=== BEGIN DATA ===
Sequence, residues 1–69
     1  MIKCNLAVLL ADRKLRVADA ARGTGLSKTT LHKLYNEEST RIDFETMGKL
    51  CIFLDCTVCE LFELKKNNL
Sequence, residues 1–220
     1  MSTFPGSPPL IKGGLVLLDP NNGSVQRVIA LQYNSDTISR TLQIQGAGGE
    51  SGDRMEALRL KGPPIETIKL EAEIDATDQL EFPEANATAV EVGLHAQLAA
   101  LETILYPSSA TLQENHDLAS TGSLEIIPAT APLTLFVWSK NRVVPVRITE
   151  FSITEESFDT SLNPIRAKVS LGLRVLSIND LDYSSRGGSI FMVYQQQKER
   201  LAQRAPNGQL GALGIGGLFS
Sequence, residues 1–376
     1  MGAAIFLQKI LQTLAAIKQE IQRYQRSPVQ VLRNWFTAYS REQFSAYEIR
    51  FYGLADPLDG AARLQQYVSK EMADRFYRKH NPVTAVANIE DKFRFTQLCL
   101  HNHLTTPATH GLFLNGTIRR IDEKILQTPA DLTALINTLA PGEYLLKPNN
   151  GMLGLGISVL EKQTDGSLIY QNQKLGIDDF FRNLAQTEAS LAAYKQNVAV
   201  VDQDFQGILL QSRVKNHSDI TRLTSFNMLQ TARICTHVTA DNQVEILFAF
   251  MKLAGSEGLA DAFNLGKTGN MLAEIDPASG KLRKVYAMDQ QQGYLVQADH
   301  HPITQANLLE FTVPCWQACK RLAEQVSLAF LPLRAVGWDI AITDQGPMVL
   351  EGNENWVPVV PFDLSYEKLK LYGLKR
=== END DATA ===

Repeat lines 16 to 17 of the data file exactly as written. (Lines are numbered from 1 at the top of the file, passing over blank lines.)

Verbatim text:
   251  MKLAGSEGLA DAFNLGKTGN MLAEIDPASG KLRKVYAMDQ QQGYLVQADH
   301  HPITQANLLE FTVPCWQACK RLAEQVSLAF LPLRAVGWDI AITDQGPMVL